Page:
Most people make an assumption that they’re safe when they check into a hospital, but mistakes do happen – sometimes with serious or even fatal consequences.
You can protect yourself if you know what to watch out for.
Trap #1: Being mistaken for another patient.
This occurs more often than you might think. Once you get your room assignment, ask if another patient on the ward has a last name that’s the same as – or similar to – your own. If so, ask to be moved to another ward. Such a request might raise a few eyebrows, but your life may be at stake.
Make sure a sign with your name and room number is posted directly over your bed. Ask a friend or family member to spend as much time with you as possible throughout your hospital stay – asking questions, insisting that you get proper care, etc. Your advocate should make it clear that he/she expects to be consulted on all treatment decisions.
It’s not unheard of for surgeons to operate on the wrong side of the body, take out the wrong organ, etc. To avoid such errors, meet with your surgeon prior to surgery. Discuss the procedure in detail, including the exact body part being operated on. For absolute peace of mind, a few hours before surgery, use a felt-tip pen to write “CUT HERE” on the incision site.
Trap #2: Catching an infection.
One in five people catch some sort of infection while hospitalized. Each year, 80,000 patients die as a result of such nosocomial infections. In the US, dirty hands and medical equipment are the usual culprits.
To protect yourself, wash your own hands frequently, and politely insist that all doctors and nurses wash their hands before touching you. Alert the staff immediately if your room seems dirty or if you run out of soap or paper towels. Make sure that any equipment that comes into contact with your skin has been swabbed with alcohol (or covered with a fresh disposable plastic shield). This goes for stethoscopes, thermometers, otoscopes (used to check the ears), infusion pumps, hemodialysis equipment and urinary catheters.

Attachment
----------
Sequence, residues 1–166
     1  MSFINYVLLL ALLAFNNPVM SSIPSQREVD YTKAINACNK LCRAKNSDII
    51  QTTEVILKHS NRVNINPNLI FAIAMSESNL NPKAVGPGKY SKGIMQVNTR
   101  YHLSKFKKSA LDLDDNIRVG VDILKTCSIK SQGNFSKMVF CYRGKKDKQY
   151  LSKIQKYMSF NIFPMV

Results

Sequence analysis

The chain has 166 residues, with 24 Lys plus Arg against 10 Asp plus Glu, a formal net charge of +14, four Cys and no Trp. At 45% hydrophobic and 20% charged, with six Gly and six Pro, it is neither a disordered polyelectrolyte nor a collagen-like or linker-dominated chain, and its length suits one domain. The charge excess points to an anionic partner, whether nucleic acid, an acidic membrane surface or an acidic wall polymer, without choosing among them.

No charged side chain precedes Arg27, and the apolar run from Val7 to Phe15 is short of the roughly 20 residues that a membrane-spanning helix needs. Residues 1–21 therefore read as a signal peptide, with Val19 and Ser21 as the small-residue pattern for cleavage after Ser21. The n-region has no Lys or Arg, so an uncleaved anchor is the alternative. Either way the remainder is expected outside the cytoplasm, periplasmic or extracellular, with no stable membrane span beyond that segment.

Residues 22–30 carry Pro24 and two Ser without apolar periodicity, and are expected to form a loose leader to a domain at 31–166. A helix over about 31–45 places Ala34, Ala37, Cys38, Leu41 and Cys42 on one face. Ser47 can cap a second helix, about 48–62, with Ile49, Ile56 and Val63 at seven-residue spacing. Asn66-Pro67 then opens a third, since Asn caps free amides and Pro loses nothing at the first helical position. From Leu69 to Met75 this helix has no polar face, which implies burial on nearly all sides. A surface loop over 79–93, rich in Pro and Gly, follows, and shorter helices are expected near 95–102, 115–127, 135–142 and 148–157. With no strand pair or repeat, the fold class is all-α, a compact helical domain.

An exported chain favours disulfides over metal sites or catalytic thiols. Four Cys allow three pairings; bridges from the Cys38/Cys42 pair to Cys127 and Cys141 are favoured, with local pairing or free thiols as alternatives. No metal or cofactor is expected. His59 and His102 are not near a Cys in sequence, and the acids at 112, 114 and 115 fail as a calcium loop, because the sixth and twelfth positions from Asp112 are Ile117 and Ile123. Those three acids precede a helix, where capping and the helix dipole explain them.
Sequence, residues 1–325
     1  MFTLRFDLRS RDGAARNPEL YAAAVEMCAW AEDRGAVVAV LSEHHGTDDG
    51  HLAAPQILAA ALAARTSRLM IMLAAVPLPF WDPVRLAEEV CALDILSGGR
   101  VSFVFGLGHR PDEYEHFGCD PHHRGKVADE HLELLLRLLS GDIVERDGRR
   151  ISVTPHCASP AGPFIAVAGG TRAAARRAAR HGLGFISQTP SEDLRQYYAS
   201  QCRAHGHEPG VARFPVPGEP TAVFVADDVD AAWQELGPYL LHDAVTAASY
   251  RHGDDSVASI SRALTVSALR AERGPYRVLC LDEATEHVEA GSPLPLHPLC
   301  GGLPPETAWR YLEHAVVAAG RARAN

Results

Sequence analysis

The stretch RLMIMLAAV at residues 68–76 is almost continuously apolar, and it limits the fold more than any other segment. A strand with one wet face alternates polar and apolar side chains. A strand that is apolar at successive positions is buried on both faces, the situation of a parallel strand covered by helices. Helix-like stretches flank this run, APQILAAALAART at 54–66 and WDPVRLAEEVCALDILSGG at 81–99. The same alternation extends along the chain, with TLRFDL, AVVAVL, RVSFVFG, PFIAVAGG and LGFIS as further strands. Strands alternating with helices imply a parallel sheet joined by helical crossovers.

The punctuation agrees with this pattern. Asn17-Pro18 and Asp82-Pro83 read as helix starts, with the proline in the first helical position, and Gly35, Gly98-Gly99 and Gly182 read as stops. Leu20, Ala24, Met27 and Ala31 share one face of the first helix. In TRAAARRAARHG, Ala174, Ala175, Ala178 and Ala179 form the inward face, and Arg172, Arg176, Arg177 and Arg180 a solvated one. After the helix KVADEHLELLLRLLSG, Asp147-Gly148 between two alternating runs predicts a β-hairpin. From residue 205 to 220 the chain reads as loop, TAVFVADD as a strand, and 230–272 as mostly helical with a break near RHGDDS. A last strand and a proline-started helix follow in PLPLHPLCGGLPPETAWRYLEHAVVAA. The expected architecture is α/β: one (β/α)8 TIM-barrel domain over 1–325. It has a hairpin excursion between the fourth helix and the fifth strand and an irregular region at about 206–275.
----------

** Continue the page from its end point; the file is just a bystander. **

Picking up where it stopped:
Beware intensive care units (ICUs). Because ICU beds are so close to one another, infection risk is far greater in an ICU than in a private or semiprivate room.
Trap #3: Getting the wrong medication.
A nurse might inadvertently give you the wrong drug or give you the right medicine at the wrong dose, wrong time or through the wrong route. Each year, tens of thousands of hospital patients die as a result of such medication errors. Errors account for 40% of all adverse drug reactions in US hospitals, according to a Harvard study.
To protect yourself, learn the names, dosages, dosing schedule and correct administration route of any drugs prescribed for you. If you’re given a pill or liquid that differs from what you’ve been getting, double-check with the nurse before taking it. Alert the nurse at once if you experience any strange reaction to a drug. Be sure any allergies are listed on your medical chart.
Trap #4: Being robbed or assaulted.
With all the hospital staffers, patients, family members, delivery people, etc., roaming the hospital, it’s difficult for hospital security to keep track of everyone. Emergency rooms are especially dangerous. Over half of all hospital violence occurs in the ER. One in three ER patients is armed. One in four is on some kind of illicit drug. If you’re going to the ER, bring a companion. While there, don’t talk to or stare at anyone who is tense, loud or belligerent. Quietly alert a security guard or desk attendant instead.
Hospital parking lots can be dangerous, too. If you feel nervous, ask a hospital security guard to escort you to and from your car. If you’re staying in a hospital room, inquire ahead of time about security arrangements. Before going to sleep, make sure that the bathroom light is on and that the nurse call button is within easy reach.